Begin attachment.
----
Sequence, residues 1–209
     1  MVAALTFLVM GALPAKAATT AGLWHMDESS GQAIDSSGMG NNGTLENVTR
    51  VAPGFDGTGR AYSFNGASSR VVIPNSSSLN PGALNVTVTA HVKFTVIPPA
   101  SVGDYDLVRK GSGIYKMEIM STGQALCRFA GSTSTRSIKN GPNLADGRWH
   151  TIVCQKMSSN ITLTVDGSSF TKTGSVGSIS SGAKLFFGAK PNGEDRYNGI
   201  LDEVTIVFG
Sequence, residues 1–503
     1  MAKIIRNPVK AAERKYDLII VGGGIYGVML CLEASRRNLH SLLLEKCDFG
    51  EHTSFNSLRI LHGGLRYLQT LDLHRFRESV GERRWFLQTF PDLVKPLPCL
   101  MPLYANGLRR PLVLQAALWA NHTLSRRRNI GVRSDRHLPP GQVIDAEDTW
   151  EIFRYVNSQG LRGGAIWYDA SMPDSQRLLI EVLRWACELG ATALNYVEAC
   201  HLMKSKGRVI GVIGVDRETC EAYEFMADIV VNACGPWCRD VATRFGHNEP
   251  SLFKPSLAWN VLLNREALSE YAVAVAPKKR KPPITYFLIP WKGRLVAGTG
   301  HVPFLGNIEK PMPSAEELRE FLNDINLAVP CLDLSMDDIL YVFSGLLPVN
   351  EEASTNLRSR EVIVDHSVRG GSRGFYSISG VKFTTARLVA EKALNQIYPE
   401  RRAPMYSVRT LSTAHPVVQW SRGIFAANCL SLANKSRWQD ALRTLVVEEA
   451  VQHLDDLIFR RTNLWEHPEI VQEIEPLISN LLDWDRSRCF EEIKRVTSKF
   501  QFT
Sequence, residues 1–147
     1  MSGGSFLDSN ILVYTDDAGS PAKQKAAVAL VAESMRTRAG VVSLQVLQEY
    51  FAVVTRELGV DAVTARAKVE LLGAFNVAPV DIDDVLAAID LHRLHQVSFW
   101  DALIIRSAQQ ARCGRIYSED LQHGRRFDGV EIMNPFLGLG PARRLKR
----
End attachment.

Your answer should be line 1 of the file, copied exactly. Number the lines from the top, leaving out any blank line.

Sequence, residues 1–209